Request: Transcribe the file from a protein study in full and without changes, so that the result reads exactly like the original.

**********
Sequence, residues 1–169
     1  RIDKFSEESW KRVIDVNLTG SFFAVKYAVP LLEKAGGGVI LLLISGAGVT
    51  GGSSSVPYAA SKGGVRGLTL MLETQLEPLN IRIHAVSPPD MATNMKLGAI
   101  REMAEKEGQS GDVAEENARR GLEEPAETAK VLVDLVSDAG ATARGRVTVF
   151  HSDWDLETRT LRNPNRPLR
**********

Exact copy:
Sequence, residues 1–169
     1  RIDKFSEESW KRVIDVNLTG SFFAVKYAVP LLEKAGGGVI LLLISGAGVT
    51  GGSSSVPYAA SKGGVRGLTL MLETQLEPLN IRIHAVSPPD MATNMKLGAI
   101  REMAEKEGQS GDVAEENARR GLEEPAETAK VLVDLVSDAG ATARGRVTVF
   151  HSDWDLETRT LRNPNRPLR